There are those books that grab you by the collar, pull you beneath their pages, and drown you in adventure before you’re fifty words in.
Turtles All the Way Down by John Green is one of those books.
Green begins the story of Aza by transporting you directly into her spiraling ruminations. I find myself racing through the pages, her thoughts becoming my thoughts, as I’m introduced to her lunch table friends, her school, her home, and the newly orphaned, billionaire boy who lives just down the river.
Turtles All the Way Down opens as a mystery: Russell Pickett, the billionaire father to Aza’s childhood friend Davis, is missing. There’s a reward for information leading to his location. Aza and her best friend Daisy (who writes Star Wars fan fiction and is easily one of the best YA sidekicks I’ve ever had the pleasure of reading) embark on an adrenaline and Applebees-fueled search of the internet that eventually leads them to the grounds of the Pickett estate. The first few chapters drip information to the reader through Aza and Daisy’s coupon-funded dinner dates and late-night drives. These pages melt through my palms as the teens are caught trespassing, and Aza and Davis connect in the silent spaces between their grief for loved ones lost.
From there, however, the story shifts. Turtles All the Way Down is not a mystery – it’s a Young Adult novel. Unfortunately, when the plot turns away from Russell Pickett’s disappearance and zooms in on Aza and Davis’ stumbling relationship, it also slams the breaks on its pacing. The middle chunk of Green’s book drifts down a lazy, forgotten river of text messages, midnight star gazing, and will-they-or-won’t-they tension. I never feel romantic chemistry between Davis and Aza; their moments of closeness feel more like two wounded people on the cusp of adulthood clinging to hopeful childhood memories. The switch from mystery to adolescent make-out sessions leaves me feeling like I started another book – a doomed romance between two star-crossed lovers perhaps – and one that I’ve read a million times before.
However, Turtles All the Way Down offers a refreshing, realistic, and personally relatable twist: our heroine Aza suffers from anxiety and OCD. She experiences frequent patterns of obsessive and uncontrollable thoughts that compel her to act irrationally and self-harm. Aza cuts, disinfects, bandages, and then reopens a self-inflicted wound on her thumb throughout the novel. This action is connected to her acute awareness of the presence or absence of germs – mainly the bacteria C. diff. She spends hours (and Green, pages) contemplating these germs’ theoretical, Wikipedia-researched ability to control her brain. The result leaves her questioning her reality and struggling to control her exposure to germs if she wants to live a normal, teenage life. The experience of reading these mental spirals is both harrowing and cathartic: never before have I read such a comprehensive and empathetic description of what it’s like to live with crippling anxiety.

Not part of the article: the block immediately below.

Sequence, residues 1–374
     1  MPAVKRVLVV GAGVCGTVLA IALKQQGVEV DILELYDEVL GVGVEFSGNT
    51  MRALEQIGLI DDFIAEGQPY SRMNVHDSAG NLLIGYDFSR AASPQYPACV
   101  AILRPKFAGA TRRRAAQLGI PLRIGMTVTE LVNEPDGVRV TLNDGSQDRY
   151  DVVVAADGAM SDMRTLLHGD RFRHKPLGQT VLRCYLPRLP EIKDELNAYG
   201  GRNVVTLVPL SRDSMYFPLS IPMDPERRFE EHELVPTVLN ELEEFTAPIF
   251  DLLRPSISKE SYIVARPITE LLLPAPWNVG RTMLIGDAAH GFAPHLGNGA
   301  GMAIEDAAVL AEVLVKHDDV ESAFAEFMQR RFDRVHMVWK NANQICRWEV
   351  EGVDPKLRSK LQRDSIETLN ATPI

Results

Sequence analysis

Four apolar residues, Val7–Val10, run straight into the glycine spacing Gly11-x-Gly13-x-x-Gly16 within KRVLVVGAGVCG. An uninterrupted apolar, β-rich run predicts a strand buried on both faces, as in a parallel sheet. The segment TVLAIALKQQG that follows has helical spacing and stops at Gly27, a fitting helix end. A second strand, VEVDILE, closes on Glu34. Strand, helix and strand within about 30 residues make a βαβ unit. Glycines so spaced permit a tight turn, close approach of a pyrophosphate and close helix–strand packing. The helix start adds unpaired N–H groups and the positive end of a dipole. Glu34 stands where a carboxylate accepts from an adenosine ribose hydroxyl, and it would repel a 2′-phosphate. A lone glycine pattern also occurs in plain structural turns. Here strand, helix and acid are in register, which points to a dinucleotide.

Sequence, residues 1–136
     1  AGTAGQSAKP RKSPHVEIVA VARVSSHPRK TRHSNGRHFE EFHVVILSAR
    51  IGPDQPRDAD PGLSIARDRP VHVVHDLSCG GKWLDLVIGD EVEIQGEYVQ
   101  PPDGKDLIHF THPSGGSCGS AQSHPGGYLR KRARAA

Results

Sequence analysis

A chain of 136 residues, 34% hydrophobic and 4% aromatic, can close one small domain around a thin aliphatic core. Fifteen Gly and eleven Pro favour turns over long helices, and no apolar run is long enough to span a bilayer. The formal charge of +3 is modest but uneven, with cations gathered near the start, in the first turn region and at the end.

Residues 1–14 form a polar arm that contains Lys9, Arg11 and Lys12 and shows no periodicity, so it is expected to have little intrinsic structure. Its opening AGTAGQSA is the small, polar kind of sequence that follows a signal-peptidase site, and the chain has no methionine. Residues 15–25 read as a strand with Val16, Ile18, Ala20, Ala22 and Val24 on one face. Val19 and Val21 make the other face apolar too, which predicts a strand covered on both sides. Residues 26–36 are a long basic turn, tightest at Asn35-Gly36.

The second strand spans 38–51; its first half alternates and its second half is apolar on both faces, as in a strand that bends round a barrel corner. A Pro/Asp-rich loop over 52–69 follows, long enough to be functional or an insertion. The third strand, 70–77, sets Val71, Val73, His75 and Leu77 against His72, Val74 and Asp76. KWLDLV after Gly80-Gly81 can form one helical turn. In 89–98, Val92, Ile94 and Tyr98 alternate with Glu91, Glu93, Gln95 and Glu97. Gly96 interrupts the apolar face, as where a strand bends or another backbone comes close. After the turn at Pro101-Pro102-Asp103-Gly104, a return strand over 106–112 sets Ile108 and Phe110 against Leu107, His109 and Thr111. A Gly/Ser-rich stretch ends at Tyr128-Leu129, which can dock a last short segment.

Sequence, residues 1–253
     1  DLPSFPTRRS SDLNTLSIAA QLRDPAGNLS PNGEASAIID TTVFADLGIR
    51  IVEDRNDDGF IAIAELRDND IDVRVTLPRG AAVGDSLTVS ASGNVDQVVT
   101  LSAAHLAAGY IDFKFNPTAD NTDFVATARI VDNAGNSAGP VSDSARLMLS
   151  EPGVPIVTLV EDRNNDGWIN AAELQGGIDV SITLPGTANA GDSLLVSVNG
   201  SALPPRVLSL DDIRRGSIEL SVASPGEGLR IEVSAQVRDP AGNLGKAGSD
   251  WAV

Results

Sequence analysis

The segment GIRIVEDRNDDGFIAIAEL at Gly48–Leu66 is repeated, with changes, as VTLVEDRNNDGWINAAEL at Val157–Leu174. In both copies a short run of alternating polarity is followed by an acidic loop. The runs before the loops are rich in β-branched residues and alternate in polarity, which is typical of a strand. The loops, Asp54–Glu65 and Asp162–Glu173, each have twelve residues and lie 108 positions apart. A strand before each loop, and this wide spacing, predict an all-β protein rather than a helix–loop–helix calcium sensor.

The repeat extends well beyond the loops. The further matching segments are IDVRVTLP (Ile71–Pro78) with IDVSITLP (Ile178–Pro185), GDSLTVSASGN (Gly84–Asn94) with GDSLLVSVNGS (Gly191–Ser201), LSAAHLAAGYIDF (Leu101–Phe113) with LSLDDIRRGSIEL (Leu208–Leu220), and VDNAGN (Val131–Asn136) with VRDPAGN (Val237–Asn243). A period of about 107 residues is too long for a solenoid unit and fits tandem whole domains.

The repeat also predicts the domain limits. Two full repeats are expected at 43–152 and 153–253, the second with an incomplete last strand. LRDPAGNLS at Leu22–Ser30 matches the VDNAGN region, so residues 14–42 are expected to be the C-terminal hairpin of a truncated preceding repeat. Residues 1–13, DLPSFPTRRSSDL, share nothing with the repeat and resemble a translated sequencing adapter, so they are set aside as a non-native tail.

Aza’s life with anxiety and OCD takes on more and more of the focus as the book enters its final chapters. She’s forced to deal with how her illness affects, not just herself, but the people around her that she loves. These moments of internal reckoning are not easy to read, but they’re also, paradoxically, the moments I feel the urgency of the first half of the novel return. I have come to care about Aza, and I want to make sure she made it out okay.
There’s a moment after the immediate crises of Aza’s life have passed that I think the book should have ended. Unfortunately, Green creates an epilogue for Aza that feels contrived, reading like an entry in a school yearbook. The shift in style feels ingenuine to the raw, personal narration of Aza’s life and thoughts. Perhaps Daisy wrote the ending of this book as an apology to Aza. After all, “life is a story told about you, not one that you tell.”
You should read this book if you enjoy contemporary YA romance. While Davis and Aza’s relationship ultimately takes a backseat to Aza’s internal relationship with her disease and how it affects her family and friends, it does bring a soft hopefulness to Aza’s story. Their time together is every bit as syrupy sweet as YA romances tend to be even when falls short of igniting a spark in the reader.
You should also read this book if you are someone, know someone, or especially if you love someone living with anxiety or OCD. Green’s expert narrations offer an inside-out view of what it can be like trying to experience life while fighting a million mental battles. What I liked about the ending – not the epilogue ending, but a chapter before that – is how tangible Aza’s conclusions are. There are no sweeping epiphanies about her OCD, her anxiety does not disappear, and there are no supernatural moments where all of her questions about the microbes are answered therefore relieving her of the crippling anxiety that actually plagues her brain. Instead, Aza comes to embrace the absurdity that it just might actually be “turtles all the way down,” and happiness while living with a mental illness is more possible than she ever believed.